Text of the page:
The real test of whether Departments find the identity card useful is whether they are prepared to contribute from their budget to funding the proposal for a compulsory identity card system. Clearly, none is prepared to contribute, which is why the entire cost is to be borne by the ordinary citizen and user, who will eventually be compelled to have it, and certainly required to have it if they want a passport. We also know that the costs will rise. They have already risen, and the one thing that I learnt in Government is that the projects that are most vulnerable to running into difficulties and overrunning on cost are those with more than one user and client Department. This one has at least half a dozen user and client Departments. We know that the Government abandoned a project that I initiated—the pathway project for a benefit payment card. After saying for two years that it was going splendidly, they finally said that they had to abandon it because they could not reconcile the conflicting demands of Post Office Counters and the Department for Work and Pensions, which were jointly responsible for it. If they could not reconcile the demands of those two bodies, how will they reconcile the demands that will arise when half a dozen different Departments seek to make the system work for their needs?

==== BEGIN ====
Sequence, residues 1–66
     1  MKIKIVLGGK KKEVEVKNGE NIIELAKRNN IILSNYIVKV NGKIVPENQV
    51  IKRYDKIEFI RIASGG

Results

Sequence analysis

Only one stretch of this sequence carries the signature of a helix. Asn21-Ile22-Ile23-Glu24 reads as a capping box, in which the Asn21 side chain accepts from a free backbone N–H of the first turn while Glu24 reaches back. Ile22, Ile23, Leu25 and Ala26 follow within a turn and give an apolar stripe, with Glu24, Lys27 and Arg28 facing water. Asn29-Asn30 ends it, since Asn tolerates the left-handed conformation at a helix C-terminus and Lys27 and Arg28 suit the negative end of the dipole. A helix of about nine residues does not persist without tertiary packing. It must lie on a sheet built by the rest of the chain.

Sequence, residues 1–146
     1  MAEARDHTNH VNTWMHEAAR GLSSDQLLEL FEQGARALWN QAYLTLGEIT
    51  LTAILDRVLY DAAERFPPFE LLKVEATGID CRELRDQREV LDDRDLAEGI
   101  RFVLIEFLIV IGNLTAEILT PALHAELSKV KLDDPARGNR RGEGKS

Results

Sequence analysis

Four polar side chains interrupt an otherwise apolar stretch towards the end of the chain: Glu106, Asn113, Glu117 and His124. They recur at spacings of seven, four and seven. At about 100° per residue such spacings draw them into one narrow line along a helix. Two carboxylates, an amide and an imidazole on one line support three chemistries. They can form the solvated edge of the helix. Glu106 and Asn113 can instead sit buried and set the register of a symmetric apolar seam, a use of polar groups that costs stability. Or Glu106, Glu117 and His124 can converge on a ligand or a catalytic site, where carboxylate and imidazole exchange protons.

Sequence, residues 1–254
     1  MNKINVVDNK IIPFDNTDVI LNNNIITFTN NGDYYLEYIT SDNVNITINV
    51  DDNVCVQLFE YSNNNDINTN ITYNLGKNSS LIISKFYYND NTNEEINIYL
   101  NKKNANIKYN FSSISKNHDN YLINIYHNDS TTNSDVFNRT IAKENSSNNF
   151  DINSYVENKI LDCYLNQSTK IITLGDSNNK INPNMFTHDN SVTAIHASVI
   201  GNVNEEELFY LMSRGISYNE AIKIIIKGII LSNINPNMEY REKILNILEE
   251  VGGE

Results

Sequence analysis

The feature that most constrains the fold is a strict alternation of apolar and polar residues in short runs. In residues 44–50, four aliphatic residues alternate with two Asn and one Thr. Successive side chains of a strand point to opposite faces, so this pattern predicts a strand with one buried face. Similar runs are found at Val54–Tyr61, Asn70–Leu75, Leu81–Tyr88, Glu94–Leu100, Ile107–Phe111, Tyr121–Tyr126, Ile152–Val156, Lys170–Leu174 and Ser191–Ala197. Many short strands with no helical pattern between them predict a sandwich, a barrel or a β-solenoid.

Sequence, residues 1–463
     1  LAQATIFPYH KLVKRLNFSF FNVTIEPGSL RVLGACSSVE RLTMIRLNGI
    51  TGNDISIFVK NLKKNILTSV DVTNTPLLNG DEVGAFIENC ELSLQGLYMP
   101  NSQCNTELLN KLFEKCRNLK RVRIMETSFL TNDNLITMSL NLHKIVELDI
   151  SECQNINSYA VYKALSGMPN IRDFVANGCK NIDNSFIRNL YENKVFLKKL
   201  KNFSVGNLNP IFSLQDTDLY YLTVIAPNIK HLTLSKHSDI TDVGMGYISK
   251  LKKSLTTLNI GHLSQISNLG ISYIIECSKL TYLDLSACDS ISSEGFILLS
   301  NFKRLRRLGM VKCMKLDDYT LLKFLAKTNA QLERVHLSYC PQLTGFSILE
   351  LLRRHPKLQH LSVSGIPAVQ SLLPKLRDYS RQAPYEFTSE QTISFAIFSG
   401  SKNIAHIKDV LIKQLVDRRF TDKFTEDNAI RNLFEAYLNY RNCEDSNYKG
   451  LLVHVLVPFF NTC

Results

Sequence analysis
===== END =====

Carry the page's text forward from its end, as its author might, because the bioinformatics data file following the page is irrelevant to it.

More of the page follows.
Let me give another concrete example. In America four years ago, Congress mandated the FBI and the Department of Homeland Security to reconcile their different systems for collecting and computerising fingerprints. Four years and $40 million-worth of expenditure later, they can transfer the fingerprints of only 2 per cent. of people entering the United States so that they can be compared with and checked against the FBI register. It still takes a month for a new terrorist suspect identified by the FBI to be fed across so that they can have their fingerprints taken and be checked against anyone entering the country. So we know that these systems are very difficult and costly to get right. If America cannot get them right, even with its huge expenditure, there is no reason to suppose that we will find it easy to do so. This card has been said by some to be a plastic poll card, but it could be Labour's modern-day ground nut scheme. Either way, it will cost a lot of money and will probably achieve very little.